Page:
But, from that original period, right after 9/11 in October 2001, the U.S. organized the coalition to go in and topple the Taliban with a very light footprint. We went in and basically made a catastrophic mistake, we would argue, and this is probably one of the biggest mistakes of the 9/11 wars, was allowing sort of al Qaeda senior leadership and Taliban senior leadership to slither away, to get out. So, from the Tora Bora Mountains and from other areas, this allowed sort of key figures within the jihadi groups and organizations and Taliban and al Qaeda in Afghanistan to reorganize themselves and eventually relaunch an insurgency in Afghanistan against us and our Afghan allies.
And so, basically, the Afghan war sort of muddled on for the first several years after that. At some point, I guess probably what would you say, Bill … 2004 … 2005 a spigot comes on and the insurgency starts ramping up, and they become big problems in Afghanistan. Of course by this point in time, the U.S. has opened up a second front in Iraq and didn’t understand what it was doing there, in terms of opening up this second from against the Jihadis. Now, the American attention is divided and basically, we have two raging conflicts that we don’t really understand either one of them, and so we don’t really have a focus on Afghanistan that we should.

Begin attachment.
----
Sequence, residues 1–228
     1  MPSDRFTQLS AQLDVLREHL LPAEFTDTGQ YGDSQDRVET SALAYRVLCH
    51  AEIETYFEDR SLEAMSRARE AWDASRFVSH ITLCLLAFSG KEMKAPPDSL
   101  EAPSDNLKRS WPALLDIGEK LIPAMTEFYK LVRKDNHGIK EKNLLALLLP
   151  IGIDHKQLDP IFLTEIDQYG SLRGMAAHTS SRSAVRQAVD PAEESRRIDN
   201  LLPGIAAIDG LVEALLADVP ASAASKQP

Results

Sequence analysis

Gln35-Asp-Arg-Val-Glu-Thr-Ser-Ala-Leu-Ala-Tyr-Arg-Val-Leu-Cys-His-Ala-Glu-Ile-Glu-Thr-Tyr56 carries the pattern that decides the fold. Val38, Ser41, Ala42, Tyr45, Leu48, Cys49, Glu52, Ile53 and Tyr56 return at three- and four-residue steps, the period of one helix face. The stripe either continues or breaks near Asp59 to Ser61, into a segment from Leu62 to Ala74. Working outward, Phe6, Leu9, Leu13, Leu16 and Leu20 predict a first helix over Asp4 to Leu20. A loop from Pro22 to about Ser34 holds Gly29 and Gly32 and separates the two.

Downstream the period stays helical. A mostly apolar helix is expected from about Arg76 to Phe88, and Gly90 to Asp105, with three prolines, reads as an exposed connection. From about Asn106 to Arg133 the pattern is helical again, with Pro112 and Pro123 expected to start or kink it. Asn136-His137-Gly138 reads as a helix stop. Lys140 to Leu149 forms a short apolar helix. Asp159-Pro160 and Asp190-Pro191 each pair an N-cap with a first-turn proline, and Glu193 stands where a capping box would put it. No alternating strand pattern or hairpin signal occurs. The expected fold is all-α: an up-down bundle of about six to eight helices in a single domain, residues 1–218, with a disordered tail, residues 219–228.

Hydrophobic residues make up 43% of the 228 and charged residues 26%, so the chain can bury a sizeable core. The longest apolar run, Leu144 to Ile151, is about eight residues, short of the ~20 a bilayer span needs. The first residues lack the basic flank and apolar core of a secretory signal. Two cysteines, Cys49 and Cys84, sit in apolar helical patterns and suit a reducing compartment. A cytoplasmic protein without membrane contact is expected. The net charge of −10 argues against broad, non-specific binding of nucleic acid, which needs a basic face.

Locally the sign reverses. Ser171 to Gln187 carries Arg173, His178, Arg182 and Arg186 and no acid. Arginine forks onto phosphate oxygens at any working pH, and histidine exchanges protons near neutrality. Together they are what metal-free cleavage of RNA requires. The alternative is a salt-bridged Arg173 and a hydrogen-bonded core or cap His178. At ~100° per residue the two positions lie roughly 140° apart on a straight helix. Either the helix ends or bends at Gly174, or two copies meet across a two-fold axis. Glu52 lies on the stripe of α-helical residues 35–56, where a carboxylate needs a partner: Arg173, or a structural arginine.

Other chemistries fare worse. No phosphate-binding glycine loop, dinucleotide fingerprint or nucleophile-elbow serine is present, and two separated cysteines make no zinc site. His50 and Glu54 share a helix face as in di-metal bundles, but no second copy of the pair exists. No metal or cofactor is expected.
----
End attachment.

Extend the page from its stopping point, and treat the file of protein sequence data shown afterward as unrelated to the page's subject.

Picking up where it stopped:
By the time that President Obama is inaugurated in January 2009, Afghanistan and as he accurately noted at the time, is in bad shape. The Taliban had significant momentum in its insurgency, and he argued for a sort of switch of resources or to focus on Afghanistan at the expense of Iraq. And so, what he did was he said we’re going to basically focus on fighting in Afghanistan, but we’re going to use this surge of forces for only 18 months, and then we’re going to withdraw these forces and basically try and shift the power to the Afghan government. Envisioning we would have a complete withdrawal from Afghanistan before the end of his second term. Of course that failed because the situation deteriorated so rapidly that even President Obama wanted to get American forces out.